One main difference is that synthesis involves multiple sources, while analysis often focuses on one source.
Conceptually, it can be helpful to think about synthesis existing at both the local (or paragraph) level and the global (or paper) level.
Global synthesis occurs at the paper (or, sometimes, section) level when writers connect ideas across paragraphs or sections to create a new narrative whole.
A literature review, which can either stand alone or be a section/chapter within a capstone, is a common example of a place where global synthesis is necessary.
When you are reading a good story you will typically take in the information you are reading about and create in your mind a picture of what you are considering (there are other types of synthesis in literature, such as forming opinions, generating ideas, etc., but for this illustration, we'll stick with forming images in one's mind).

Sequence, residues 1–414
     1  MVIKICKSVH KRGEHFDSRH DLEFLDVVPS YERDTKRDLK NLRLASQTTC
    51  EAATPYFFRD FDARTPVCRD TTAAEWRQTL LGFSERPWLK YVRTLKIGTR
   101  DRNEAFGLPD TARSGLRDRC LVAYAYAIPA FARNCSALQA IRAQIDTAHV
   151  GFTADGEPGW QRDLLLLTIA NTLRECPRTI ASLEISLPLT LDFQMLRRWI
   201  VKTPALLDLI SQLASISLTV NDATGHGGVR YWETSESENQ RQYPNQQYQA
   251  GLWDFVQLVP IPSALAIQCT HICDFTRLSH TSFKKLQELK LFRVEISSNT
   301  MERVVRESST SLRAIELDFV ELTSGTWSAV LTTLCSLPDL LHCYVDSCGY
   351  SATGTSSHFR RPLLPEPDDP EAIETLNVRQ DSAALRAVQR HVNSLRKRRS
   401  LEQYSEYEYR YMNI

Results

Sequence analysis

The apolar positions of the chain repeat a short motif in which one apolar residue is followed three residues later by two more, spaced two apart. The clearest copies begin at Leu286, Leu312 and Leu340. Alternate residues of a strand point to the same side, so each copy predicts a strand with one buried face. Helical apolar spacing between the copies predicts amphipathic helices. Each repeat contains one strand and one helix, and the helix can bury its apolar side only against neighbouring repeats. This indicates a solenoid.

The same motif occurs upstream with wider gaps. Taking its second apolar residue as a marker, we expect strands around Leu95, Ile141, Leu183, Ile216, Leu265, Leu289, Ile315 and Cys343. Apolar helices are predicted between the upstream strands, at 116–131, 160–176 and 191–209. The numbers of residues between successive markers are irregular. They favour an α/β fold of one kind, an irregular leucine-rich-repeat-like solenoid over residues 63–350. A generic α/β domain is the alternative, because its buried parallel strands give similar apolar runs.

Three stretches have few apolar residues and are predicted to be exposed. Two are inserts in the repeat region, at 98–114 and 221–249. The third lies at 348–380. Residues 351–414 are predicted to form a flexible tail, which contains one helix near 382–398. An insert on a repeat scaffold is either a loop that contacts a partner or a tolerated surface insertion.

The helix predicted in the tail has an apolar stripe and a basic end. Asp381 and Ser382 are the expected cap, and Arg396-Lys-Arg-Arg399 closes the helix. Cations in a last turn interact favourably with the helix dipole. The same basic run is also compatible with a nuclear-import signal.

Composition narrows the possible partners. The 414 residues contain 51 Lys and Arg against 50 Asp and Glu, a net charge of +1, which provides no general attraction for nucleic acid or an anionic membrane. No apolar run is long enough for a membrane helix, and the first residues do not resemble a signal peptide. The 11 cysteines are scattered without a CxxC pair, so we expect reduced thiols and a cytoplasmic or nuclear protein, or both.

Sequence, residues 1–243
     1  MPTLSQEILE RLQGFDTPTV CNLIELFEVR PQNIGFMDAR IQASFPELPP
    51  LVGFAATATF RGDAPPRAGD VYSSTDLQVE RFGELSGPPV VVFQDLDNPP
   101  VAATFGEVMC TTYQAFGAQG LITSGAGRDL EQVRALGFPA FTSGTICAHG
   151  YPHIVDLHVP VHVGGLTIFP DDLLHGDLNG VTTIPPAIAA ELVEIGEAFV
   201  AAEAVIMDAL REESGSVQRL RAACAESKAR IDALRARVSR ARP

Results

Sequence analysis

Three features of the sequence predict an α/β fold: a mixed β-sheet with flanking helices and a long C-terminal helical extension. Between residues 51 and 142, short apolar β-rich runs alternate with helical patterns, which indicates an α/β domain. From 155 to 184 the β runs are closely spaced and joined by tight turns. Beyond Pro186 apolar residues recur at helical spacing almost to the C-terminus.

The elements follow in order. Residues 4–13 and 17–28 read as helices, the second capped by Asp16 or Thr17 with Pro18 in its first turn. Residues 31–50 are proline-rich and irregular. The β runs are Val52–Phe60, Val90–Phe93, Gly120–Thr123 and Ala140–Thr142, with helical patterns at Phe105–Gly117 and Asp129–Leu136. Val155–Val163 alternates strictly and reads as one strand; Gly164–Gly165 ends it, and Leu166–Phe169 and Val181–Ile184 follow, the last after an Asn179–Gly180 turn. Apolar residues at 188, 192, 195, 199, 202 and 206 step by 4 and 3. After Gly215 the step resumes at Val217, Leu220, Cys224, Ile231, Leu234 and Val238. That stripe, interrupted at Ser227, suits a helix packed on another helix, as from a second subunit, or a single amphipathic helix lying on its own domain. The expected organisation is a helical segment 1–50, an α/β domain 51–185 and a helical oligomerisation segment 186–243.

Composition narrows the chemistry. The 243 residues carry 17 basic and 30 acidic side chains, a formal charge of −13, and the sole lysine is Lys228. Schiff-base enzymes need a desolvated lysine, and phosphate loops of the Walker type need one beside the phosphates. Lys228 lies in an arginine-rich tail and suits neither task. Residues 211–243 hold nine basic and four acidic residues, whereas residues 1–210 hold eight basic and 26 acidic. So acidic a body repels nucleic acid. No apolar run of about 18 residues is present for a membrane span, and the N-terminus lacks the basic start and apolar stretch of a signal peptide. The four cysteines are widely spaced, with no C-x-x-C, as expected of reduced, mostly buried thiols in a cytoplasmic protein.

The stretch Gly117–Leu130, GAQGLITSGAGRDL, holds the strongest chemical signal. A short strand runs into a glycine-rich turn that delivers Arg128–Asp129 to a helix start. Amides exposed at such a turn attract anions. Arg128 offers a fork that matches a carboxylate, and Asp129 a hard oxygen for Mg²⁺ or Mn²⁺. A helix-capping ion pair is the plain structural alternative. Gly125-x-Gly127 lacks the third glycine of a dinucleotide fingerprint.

For example, I recently finished reading the second book in The Hunger Games trilogy, entitled Catching Fire, by Suzanne Collins.
As I read the book, my natural inclination was to consider things, such as the way the characters described their surroundings and how they reacted to them, and pair that with my own knowledge of shapes, landscapes, types of plants and animals, etc.
I did this to come up with a picture in my mind of how the game arena might have appeared.
It might be Catching Fire as previously mentioned, or perhaps something completely different.
After reading it, you feel compelled to write to the author and tell them how much you thoroughly enjoyed their book.